Sacrament of Confession
Perhaps the most misunderstood sacrament of the Christian Church is confession. How did it originate? What role does a priest play? Is there a special procedure for confession? The Scriptures hold answers to these questions.
Concerning our sins, God’s Word gives a marvelous promise: “If we confess our sins, He is faithful and just to forgive us our sins and to cleanse us from all unrighteousness” (1Jn 1:9). The faithful are to bring their sins to God in repentance and receive cleansing and forgiveness.
The early Christian community had a specific practice in this regard. People would stand and confess their sins to God in the presence of the whole congregation! Had not Jesus encouraged His followers to walk in the light together, to confront problems corporately, to “tell it to the church” (Mt 18:17)? Thus, James writes, “Confess your trespasses to one another” (Jam 5:16). But as time went on and the Church grew in numbers, strangers came to visit and public confession became more difficult. Out of mercy, priests began to witness confessions of sin privately on behalf of the Church.
Jesus gave His disciples the authority to forgive sin. “If you forgive the sins of any, they are forgiven them; if you retain the sins of any, they are retained” (Jn 20:23; see also Mt 16:19). From the beginning, Christians understood that the grace of ordination endowed the shepherd of the flock with the discernment and compassion to speak the words of remission on behalf of Christ regarding the sins of those who confess and turn from sin. For God has promised to remove sin from us “as far as the east is from the west” (Ps 102:12).
“You did not choose Me,” Jesus told the Twelve, “but I chose you and appointed [ordained] you” (Jn 15:16). To these same disciples He promised, “It is not you who speak, but the Holy Spirit” (Mk 13:11). Whom God calls, He equips. Paul writes in Timothy, “Stir up the gift of God which is in you through the laying on of my hands” (2Ti 1:6). It is the grace of the Holy Spirit that enables the priest to serve God and the people.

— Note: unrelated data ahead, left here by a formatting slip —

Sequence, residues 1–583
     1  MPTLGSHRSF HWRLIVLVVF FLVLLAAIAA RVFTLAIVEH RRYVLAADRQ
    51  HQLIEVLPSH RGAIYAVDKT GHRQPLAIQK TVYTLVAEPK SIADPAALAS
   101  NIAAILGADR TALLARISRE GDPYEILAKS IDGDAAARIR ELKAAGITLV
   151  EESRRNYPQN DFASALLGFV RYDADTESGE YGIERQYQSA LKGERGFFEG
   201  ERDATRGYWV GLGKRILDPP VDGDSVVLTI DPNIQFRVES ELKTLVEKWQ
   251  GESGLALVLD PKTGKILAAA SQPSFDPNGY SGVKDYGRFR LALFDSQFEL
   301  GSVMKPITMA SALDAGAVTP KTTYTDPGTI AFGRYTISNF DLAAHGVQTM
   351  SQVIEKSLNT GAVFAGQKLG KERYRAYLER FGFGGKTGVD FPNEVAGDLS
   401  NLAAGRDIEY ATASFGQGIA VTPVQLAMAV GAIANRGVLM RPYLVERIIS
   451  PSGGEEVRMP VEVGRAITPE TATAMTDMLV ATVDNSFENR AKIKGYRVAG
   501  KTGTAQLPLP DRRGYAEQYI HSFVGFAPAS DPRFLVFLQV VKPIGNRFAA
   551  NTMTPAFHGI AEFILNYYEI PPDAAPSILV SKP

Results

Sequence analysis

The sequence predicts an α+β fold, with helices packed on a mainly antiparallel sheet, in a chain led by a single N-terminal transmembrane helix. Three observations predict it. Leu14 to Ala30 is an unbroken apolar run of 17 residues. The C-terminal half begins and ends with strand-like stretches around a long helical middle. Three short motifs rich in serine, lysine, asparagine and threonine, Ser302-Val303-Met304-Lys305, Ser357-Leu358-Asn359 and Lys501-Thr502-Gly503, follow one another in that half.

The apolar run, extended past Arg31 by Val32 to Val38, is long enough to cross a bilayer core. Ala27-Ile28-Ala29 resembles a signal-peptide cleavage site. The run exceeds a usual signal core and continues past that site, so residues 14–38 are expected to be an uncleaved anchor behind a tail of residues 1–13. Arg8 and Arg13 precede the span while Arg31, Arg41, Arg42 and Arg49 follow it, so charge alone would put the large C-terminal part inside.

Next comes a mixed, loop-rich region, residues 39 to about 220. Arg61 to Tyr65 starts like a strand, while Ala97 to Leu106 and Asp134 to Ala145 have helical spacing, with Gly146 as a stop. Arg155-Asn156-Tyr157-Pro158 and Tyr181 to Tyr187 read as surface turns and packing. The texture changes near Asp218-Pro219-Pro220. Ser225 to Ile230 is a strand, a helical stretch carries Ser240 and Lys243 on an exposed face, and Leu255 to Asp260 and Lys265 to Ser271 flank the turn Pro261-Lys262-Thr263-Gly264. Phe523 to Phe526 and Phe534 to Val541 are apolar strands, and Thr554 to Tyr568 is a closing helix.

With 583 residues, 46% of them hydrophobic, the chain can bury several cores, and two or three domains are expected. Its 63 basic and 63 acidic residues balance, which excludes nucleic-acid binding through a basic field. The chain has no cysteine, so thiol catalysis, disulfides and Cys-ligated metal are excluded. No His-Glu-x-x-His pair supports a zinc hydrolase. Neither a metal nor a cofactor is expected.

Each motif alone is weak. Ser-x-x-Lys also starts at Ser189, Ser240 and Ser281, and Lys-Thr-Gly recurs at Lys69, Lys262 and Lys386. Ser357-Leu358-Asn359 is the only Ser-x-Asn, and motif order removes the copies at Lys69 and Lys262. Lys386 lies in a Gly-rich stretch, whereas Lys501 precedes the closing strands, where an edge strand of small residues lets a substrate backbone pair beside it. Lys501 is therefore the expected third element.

Thus, the Church has encouraged her faithful: If you know you have committed a specific sin, do not hide it but confess it before coming to the Holy Eucharist. St. Paul wrote, “Let a man examine himself, and so let him eat of the bread and drink of the cup” (1Co 11:28), and “If we would judge ourselves, we would not be judged” (1Co 11:31).
King David learned a lesson regarding his sin that is recorded for our benefit. For about a year, he had hidden his sins of adultery with Bathsheba and the murder of her husband (2Kg 11:1-12:13). Then, confronted by Nathan the prophet, David repented from his heart and confessed his sin in a psalm that is used for general confession to this day (Ps 50). The joy of salvation was restored to him.
People ask, “Can’t I confess to God privately?” Certainly, though there is no clear biblical basis for it. Even general confession occurs in the Church. In His mercy, God provides the sacrament of confession (more properly called the sacrament of repentance) to give us deliverance from sin and from what psychologists call denial. It is easy to pray in isolation yet never come clean. It is far more effective to confess aloud to God before a priest and benefit from his guidance and help.
Thus, we come before the holy icon of Christ, to whom we confess, and are guided by our spiritual father in a cleansing inventory of our lives. When we tell God all, naming our sins and failures, we hear those glorious words of freedom that announce Christ’s promise of forgiveness of all our sins. We resolve to “go and sin no more” (Jn 8:11).
Quotation from The Orthodox Study Bible, p.1698, St. Athanasius Academy of Orthodox Theology